Joe Vogel
Joe Vogel on May 14, 2014 at 11:53 am

Rochester’s Downtown, by Donovan A. Shilling (Google Books preview) says that this house opened as the National Theatre on May 18, 1903. However, the January 3, 1903, issue of the Lockport Journal mentioned a play that had opened at the National on New Year’s Day. I don’t know if that means the house opened earlier, or if Rochester had an earlier theater of the same name.

The July 15, 1902, issue of The Plumbers' Trade Journal said that the construction contract for the National Theatre called for completion of the structure by October 1. If that goal was met, and assuming at least another month for outfitting and decorating, the National Theatre could have opened as early as November, 1902.

The magazine also noted that the National Theatre had been designed (not surprisingly) by Rochester’s own noted theater architects, Leon H. Lempert & Son.

This circa 1908 photo of Main Street shows that the National Theatre was fronted by a building that, judging from its architectural style, was probably built in the 1850s or 1860s. A new auditorium was most likely built behind the existing commercial building, though it’s also possible that the existing building was gutted and its interior rebuilt as a theater.

FlyersFan28 on February 22, 2015 at 5:44 am

I can remember going to this theater in the early 70' to see a Kung-Fu triple feature with my two older brothers and one of their friends,Ya my mother had no idea. when I told her what movies they took me to see she was as they say “ Not a happy camper'..The movies were "The Street Fighter”, “Way Of The Dragon' and "Cleopatra Jones And The Casino Of Gold'..

peterscribner on January 3, 2016 at 1:38 pm

According to “History of Rochester and Monroe County” by William Peck (1908), The National opened Dec. 22, 1902 on the site of the old Odd Fellow’s Hall. According to “Its Showtime in Rochester”, by Donavan Shilling, the theater became Fays in 1916. That same book poinbts out that the located to the left of the theater entrance (as seen in the first picture under this heading) is the Rochester Fruit and Vegetable Company, managed by John F. Wegman (as in Wegmans).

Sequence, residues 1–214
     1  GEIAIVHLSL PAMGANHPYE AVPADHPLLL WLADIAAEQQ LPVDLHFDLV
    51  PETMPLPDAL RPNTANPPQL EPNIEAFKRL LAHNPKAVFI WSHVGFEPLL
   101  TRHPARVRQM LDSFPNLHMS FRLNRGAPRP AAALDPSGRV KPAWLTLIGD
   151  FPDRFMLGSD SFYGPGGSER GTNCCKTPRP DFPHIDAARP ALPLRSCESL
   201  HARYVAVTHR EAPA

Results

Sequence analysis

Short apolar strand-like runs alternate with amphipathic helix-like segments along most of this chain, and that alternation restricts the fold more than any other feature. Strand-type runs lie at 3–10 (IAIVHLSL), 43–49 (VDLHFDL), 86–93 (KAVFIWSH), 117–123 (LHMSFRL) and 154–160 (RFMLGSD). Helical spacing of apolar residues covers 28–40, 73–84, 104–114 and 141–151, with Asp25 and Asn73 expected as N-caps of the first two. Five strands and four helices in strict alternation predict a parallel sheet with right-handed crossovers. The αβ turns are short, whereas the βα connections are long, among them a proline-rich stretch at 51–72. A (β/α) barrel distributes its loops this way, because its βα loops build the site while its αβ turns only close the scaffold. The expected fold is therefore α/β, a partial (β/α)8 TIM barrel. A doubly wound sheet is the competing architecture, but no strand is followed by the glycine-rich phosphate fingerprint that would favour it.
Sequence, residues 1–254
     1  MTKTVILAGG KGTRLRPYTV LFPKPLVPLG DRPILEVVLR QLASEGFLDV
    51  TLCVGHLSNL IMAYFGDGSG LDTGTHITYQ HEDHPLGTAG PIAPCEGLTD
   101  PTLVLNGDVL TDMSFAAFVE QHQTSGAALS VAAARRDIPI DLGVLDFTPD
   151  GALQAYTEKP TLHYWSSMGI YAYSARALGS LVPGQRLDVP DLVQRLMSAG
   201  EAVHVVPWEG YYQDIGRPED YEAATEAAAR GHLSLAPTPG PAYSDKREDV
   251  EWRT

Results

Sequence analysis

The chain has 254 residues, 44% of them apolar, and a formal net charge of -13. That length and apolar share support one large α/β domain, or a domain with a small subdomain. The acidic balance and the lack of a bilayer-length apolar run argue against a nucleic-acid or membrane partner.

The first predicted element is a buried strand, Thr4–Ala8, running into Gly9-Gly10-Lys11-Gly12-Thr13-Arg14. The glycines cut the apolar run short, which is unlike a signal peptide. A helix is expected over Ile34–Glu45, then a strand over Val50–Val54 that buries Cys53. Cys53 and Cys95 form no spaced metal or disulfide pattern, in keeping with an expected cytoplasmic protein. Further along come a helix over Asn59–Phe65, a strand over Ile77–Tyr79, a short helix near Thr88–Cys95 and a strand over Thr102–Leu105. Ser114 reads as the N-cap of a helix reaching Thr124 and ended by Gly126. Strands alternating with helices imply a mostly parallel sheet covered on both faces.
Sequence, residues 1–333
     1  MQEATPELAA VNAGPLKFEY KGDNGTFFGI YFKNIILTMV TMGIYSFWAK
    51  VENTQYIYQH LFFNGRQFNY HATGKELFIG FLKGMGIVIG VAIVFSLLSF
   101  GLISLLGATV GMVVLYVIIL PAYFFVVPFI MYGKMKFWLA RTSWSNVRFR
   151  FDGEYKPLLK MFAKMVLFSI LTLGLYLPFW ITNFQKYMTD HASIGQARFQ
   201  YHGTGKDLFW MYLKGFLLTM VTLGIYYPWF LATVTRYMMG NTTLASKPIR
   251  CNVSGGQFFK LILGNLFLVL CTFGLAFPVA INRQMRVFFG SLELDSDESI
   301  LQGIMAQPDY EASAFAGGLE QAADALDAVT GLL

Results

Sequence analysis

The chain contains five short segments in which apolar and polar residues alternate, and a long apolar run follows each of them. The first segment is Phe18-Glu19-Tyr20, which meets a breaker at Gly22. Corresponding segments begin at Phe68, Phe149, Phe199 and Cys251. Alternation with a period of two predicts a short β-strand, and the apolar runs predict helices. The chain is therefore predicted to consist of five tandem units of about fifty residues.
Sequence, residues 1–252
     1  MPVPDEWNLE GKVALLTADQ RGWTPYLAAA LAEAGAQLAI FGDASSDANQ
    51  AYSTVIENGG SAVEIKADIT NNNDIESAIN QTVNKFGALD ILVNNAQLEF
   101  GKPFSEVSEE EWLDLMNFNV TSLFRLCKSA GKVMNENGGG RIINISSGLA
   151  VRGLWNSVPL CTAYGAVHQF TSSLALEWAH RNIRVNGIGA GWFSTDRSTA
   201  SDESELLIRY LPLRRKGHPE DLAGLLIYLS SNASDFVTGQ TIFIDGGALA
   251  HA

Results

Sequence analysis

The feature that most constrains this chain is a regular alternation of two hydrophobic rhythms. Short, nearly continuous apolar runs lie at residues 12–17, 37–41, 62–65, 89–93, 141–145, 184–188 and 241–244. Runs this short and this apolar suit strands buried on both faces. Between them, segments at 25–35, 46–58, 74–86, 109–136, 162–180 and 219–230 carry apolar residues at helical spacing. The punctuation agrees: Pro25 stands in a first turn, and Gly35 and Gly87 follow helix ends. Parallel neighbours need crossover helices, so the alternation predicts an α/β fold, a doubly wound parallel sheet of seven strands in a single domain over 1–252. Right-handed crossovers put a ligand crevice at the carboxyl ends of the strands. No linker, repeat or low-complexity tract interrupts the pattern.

rivest266 on January 22, 2016 at 4:02 pm

October 20th, 1930 grand opening ad as Capitol in photo section. It was opened by Comerford Theatres.

peterscribner on April 3, 2016 at 6:21 pm

The National was renamed the Sam S. Shubert Theater in 1910, opening under that name in 1910. Sam S. Shubert was the late brother of Lee and J. J. Shubert, heads of the Shubert organization (Democrat and Chronicle 8/8/1910 p. 11). The theater was renamed the Avon Theater in 1916. The patrons of the theater were polled as to a preferred name change, and Avon was most popular, probably due to the Shakespeare revival in 1916, the 300th anniversary of Shakespeare’s death (Democrat & Chronicle 2/27/1916 p. 31).

Fires almost destroyed the theater in 1924; another fire in 1930 was arson. The theater was renamed the Capitol and extensively remodeled: the boxes and gallary removed (the balcony remained) and the building fire-proofed. The newly-renamed theater, under the management of the Comerford organization, reopened October 25, 1930 with the film “Three Faces East” (Democrat & Chronicle 9/4/1930 p. 13, 10/13/1930 p. 15, 10/24/1930 p. 16)

The last pictures shown at the Capotol were “Iron Finger” and “Call Me Dragon”, two Kung Fu movies New Year’s Eve 1979, The theater was torn down for a parking lot shortly thereafter. (Democrat and Chronicle 3/10/1980 p. 1)

LouRugani on August 31, 2022 at 3:55 am

The picture that ibelieveicanfly above was asking about is “Mr. Sardonicus” (1961).